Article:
Concussions & The NFL: For The Love Of The Brain
As an NFL cheerleader, on the field I firsthand witnessed injuries, including head injuries. Now as an emergency medicine physician I frequently treat patients in the emergency room that have potentially suffered a brain injury after trauma.
A concussion is a type of traumatic brain injury that can result after trauma, like a blow to the head, and can affect brain function. Symptoms can vary from mild headaches, nausea, vomiting, to confusion, memory problems, and many more. A single concussive episode likely does not cause permanent damage, however a second concussion, especially soon after the first, can cause permanently disabling or deadly effects.
It is estimated that there are about 300,000 sports-related concussions every year and an athlete in contact sports may have the likelihood of suffering a concussion at about 10% per season.
Some athletes suffer from long-term sequalae of concussions, like in post-concussive syndrome or may even develop progressive degenerative disease as in chronic traumatic encephalopathy, that has features similar to Parkinson’s and Alzheimer’s disease.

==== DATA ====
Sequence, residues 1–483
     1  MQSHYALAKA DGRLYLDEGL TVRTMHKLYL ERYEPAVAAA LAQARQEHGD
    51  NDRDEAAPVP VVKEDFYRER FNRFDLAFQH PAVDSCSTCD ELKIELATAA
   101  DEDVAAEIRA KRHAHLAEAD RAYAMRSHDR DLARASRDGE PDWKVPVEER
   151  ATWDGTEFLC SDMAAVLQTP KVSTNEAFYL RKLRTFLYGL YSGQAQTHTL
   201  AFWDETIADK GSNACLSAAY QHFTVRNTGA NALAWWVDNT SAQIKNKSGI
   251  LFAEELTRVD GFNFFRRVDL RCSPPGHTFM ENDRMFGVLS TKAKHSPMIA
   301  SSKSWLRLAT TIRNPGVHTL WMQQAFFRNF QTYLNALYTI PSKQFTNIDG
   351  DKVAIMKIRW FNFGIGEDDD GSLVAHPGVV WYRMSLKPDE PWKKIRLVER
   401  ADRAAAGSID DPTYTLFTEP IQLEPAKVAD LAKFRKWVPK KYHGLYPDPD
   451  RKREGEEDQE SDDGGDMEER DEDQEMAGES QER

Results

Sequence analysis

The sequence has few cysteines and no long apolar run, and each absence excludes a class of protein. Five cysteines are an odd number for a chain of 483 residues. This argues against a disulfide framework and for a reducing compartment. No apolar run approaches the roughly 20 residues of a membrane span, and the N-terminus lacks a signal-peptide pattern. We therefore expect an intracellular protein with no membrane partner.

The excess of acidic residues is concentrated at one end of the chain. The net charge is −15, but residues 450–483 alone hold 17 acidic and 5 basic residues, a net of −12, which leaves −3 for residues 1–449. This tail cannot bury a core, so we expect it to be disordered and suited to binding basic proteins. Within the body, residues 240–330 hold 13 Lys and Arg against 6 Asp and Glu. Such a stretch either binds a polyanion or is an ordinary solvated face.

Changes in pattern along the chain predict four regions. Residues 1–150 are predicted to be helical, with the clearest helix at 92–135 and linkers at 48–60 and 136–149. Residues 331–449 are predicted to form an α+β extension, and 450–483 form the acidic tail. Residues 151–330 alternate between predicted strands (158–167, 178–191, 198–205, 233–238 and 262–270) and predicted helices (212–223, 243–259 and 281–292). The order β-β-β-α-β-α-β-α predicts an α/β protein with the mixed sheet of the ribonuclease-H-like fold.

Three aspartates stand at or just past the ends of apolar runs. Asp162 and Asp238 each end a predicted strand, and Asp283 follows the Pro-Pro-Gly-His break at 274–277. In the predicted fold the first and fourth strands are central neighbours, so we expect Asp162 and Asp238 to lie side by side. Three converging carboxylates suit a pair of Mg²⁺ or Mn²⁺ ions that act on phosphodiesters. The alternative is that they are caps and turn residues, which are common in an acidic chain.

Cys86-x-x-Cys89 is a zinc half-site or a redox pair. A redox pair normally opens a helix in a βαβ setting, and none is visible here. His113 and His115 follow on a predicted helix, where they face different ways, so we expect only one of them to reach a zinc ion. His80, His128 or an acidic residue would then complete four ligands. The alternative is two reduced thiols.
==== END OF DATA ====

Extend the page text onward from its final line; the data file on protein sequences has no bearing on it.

There has been increased awareness in this area as many NFL players who suffered brain injury after concussion have been part of a lawsuit against the NFL to help them recover for their brain injuries resulting from football-related trauma. Over 11,000 former NFL players who have suffered long-term brain injury have pre-registered for benefits under this lawsuit. Recently, former NFL player Warren Sapp announced that he is already suffering from memory loss, likely from concussion-related injuries during his NFL career, and has pledged to donate his brain to concussion research.